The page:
Allen Mendenhall Interviews Joe Taylor, Author of “The Theoretics of Love”

AM:  Not long ago, Joe, we did an interview about your book, Ghostly Demarcations.  Just months later we’re now discussing The Theoretics of Love, your new novel that NewSouth Books, which is right down the street from my office, published about the time we did that last interview. Let’s start by having you speak broadly about this novel. What’s it about?

Joe Taylor

JT:  I was at American Library Association giving away sample copies this summer and telling interested folks that it was a semi-murder mystery and a semi-love story. The woman from Ingram was standing by shaking her head. Finally she said I had to do better than that. So the next librarian who came up got her spiel: “It’s a thrilling murder mystery set in Lexington, Kentucky.” He walked away and she turned to me and said, “Maybe he’s one that would have done better with your semi-murder mystery, semi-love story.” Yep.

AM:  What’s theoretics?

JT: A bastardized form of “Theories.” A semi-word to go with the other semis? The novel travels through the female protagonist’s fear of love—a fear stemming from her young college self’s disillusion as her roommate and her boyfriend cheat on her. She finds out only when they are involved in a drunken wreck that kills the boyfriend and leaves her roommate something of a physical basket case. Clarissa Circle’s mantra throughout the rest of college and her Ph.D. dissertation in physical anthropology becomes “No One Ever Touches Anyone.” It’s a mantra that her off-and-on lover, a black murder detective, points out is hardly consistent with physical anthropology. Not to mention with being a physical anthropologist who’s called in by the Lexington Police to sort out bones and bodies that may or may not involve murder.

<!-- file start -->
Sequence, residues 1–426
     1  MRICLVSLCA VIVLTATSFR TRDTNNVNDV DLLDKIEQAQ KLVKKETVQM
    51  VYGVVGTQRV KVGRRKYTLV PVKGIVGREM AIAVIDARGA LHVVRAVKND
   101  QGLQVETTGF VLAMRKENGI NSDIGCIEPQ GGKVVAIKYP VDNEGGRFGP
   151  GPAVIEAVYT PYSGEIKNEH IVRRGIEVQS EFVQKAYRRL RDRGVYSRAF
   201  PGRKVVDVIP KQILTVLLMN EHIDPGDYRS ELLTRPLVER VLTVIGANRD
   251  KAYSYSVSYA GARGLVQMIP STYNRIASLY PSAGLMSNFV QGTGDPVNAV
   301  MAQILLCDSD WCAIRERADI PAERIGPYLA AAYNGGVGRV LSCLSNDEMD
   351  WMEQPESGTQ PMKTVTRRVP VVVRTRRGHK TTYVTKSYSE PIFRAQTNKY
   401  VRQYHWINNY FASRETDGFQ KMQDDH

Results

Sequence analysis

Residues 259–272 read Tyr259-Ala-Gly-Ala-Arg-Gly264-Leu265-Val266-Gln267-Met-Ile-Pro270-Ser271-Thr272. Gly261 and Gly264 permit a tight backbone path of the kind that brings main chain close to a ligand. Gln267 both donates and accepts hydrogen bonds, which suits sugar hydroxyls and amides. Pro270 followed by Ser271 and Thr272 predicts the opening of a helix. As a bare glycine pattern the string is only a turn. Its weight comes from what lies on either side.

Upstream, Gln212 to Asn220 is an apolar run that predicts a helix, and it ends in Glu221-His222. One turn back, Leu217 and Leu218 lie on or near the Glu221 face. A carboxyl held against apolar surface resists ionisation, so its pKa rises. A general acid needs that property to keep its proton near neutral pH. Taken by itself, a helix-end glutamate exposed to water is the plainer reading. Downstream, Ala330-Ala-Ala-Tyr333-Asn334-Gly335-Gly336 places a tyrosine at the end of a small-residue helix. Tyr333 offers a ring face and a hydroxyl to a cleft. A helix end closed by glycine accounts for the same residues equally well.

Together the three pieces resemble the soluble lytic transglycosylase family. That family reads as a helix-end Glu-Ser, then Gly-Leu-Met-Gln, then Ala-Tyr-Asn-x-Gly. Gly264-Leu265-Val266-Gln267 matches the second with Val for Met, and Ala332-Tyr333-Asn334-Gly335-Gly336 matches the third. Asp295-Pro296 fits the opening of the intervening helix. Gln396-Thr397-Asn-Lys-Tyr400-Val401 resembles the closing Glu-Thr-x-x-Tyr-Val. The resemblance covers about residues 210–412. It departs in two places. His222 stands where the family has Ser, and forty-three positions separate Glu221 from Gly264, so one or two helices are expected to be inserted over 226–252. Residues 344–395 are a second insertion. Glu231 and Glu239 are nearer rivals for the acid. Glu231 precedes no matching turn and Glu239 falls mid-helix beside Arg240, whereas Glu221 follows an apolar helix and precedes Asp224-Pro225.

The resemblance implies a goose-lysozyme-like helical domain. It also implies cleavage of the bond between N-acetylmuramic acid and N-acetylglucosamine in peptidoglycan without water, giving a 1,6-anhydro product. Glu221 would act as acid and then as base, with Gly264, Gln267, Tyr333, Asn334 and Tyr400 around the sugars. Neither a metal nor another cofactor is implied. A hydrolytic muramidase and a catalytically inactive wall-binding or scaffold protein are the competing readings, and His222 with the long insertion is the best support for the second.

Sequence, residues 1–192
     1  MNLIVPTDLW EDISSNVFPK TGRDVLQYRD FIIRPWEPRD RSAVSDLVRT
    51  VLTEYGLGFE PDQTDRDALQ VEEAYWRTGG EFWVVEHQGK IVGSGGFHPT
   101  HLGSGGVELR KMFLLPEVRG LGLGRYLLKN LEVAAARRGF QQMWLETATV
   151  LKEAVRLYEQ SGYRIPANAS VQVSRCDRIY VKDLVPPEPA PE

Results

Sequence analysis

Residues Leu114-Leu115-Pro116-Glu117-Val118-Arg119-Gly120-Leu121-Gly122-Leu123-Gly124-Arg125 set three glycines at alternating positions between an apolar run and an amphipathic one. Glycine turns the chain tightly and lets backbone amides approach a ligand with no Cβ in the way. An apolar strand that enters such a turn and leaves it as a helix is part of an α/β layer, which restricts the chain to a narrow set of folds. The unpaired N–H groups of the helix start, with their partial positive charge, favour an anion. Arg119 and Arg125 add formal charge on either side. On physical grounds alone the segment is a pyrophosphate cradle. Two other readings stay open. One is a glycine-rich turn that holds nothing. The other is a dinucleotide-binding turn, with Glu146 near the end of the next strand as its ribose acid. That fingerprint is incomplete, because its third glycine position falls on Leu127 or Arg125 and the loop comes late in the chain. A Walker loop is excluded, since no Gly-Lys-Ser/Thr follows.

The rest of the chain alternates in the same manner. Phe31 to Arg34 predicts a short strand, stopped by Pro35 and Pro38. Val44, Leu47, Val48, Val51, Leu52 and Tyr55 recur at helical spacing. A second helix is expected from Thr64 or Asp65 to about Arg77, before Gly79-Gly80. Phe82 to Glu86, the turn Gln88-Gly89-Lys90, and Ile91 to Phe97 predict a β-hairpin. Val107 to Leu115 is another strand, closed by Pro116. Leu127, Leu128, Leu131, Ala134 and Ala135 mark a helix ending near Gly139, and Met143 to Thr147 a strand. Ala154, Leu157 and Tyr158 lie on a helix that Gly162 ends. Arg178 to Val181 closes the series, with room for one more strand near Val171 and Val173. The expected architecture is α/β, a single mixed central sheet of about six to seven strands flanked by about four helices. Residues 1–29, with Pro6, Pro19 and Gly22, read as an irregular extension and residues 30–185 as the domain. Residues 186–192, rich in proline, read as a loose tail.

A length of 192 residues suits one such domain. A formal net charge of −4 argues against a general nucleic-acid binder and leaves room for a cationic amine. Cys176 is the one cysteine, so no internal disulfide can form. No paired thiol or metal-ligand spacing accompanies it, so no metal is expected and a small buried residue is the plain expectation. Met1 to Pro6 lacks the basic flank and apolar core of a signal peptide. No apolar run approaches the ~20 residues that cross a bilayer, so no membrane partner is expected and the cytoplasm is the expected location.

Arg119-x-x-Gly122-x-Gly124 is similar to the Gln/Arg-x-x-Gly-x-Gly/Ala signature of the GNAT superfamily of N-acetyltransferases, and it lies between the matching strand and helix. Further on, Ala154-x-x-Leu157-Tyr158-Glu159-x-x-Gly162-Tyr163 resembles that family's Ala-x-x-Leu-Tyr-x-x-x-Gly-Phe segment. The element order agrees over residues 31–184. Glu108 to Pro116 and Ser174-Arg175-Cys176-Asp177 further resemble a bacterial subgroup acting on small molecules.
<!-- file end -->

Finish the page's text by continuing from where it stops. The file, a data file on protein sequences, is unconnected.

AM:  What’s love?

JT: And that is the brunt of the whole novel. In the concluding chapter, one of Professor Clarissa’s students works up a Game Theory spreadsheet, offering the odds of anyone finding happiness in love. His results are dismal—at least theoretically—though his own experience may just refute his own theory, his own theoretics. And Clarissa’s.

AM:  Much of this novel takes place in Kentucky, in particular at the University of Kentucky.  You’re an alumnus of that institution, correct?  Explain your decision to set the action there.

JT: Yes, I majored in—horrors!—philosophy there at UK. Dr. Clarissa Circle is very loosely based on a physical anthropology professor I had as an undergraduate—a spry, funny woman who often enough was called in by the Lexington Police to ascertain whether the skeleton just dug up on some horse farm or under some fence line was an Amerindian who’d died over a century before of natural causes or a murder victim from a decade or less ago.

AM:  In our last interview, you stated, “I’d go to the wall arguing that Theoretics is indeed a novel, despite the multiple viewpoints from varied voices.” How did you decide to tell the story in this way?

JT: Okay, it’s crunch time in the confessional. Mea culpa etc. I had written about three short stories and found the locale, the theme, and some characters repeating. Voila! A multiple viewpoint novel emerged. With a semi-straight plotline. (ho-ho)